To properly assess the programs successes and failures, I would first scale back the program to a simpler point of view. Employees should only voice concerns or report misconduct in situations where the company could be put at risk. Every instance of gossip or anger from lack of promotion or raise does not need to be reported to an ethical committee. Let’s face it, there is no perfect company and while striving for perfection is good, one must walk before they run. Since Martin Marietta has such a large workforce devoted to “ethics” I believe they could stay in place at each branch.

However, now they will only need to deal with serious issues. This will give the auditors more time to devote to resolving specific larger issues, rather than silly work place gossip. Hopefully, employees will be able to once again focus solely on their jobs, rather than worrying about being reported to an ethics committee. A specific “punishment” system needs to be in place. Favoritism must not be shown to certain employees. Since complaints are divided up between audit, personnel, security, and legal staffs the ethical issues need to be handled within these divisions.

Each division should have a three step punishment system: Minor Issues which could be resolved through a written or verbal corrective action, Critical Issues which could be resolved with suspension or transfer, and Major Issues which would be handled through termination. To assure favoritism is not an issue, employee complaints should be referred through department serial numbers. This will prevent those handing out the punishment from knowing the employees name. Once the punishment has been decided upon, the field Ethics Officer at the branch will be notified.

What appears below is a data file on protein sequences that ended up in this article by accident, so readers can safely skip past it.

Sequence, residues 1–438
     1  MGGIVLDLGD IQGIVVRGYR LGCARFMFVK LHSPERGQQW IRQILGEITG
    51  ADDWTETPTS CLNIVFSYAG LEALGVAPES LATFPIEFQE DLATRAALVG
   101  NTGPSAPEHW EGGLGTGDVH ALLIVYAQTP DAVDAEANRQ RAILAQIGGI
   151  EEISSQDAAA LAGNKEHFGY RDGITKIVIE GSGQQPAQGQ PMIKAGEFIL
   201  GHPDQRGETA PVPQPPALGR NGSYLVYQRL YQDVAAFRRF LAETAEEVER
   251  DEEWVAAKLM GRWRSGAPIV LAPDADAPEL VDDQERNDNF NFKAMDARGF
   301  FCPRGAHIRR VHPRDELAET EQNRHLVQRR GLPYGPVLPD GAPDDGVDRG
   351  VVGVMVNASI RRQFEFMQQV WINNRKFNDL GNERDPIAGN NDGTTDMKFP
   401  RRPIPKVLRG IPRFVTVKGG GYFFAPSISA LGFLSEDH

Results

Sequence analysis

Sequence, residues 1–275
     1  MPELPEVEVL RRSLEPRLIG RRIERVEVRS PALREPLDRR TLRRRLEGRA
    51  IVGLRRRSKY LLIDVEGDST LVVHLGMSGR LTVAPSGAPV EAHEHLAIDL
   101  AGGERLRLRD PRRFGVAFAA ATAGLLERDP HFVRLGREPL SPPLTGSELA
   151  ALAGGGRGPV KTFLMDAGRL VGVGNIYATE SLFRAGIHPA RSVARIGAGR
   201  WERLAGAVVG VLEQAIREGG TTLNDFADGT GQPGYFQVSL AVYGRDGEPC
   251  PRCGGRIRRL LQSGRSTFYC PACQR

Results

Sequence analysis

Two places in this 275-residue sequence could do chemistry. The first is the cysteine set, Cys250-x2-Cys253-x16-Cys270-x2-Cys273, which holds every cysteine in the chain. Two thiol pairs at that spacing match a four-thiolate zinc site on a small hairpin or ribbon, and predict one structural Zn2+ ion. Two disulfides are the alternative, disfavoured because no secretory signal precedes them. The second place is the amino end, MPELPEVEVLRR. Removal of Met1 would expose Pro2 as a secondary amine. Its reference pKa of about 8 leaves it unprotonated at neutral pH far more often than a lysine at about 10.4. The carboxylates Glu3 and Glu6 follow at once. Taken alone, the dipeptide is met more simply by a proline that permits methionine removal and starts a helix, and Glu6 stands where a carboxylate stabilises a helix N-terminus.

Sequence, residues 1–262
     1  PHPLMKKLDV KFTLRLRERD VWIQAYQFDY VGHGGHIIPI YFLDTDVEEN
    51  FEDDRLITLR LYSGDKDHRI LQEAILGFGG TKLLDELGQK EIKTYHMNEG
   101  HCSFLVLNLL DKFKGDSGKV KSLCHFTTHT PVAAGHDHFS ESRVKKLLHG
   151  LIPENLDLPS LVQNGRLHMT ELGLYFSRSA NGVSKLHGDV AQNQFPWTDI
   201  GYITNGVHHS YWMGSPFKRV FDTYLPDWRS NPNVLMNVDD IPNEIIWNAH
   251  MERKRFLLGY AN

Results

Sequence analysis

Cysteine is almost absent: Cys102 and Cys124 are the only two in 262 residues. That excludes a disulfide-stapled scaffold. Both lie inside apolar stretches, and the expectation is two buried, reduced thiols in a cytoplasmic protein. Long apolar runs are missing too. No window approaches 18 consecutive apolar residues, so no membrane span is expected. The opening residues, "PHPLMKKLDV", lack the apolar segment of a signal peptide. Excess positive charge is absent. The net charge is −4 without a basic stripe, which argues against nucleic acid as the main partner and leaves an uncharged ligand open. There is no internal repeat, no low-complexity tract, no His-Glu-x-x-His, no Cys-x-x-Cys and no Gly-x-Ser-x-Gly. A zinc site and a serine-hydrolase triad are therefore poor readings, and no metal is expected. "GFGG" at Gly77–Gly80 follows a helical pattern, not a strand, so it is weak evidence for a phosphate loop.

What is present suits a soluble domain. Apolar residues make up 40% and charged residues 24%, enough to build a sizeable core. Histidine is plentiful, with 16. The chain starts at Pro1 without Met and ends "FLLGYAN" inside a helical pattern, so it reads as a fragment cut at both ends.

They can then inform the specific employee of their reprimand. Once the program has been scaled back, I would recommend evaluating the program in three separate ways. I would first monitor and compare reported “ethical” issues each quarter. Gradually, it would be best to see a trend of less reported issues, which in turn would mean less ethical misconduct. Secondly, I would provide employees with a scantron survey asking questions regarding their satisfaction of the program, managers, and company as a whole.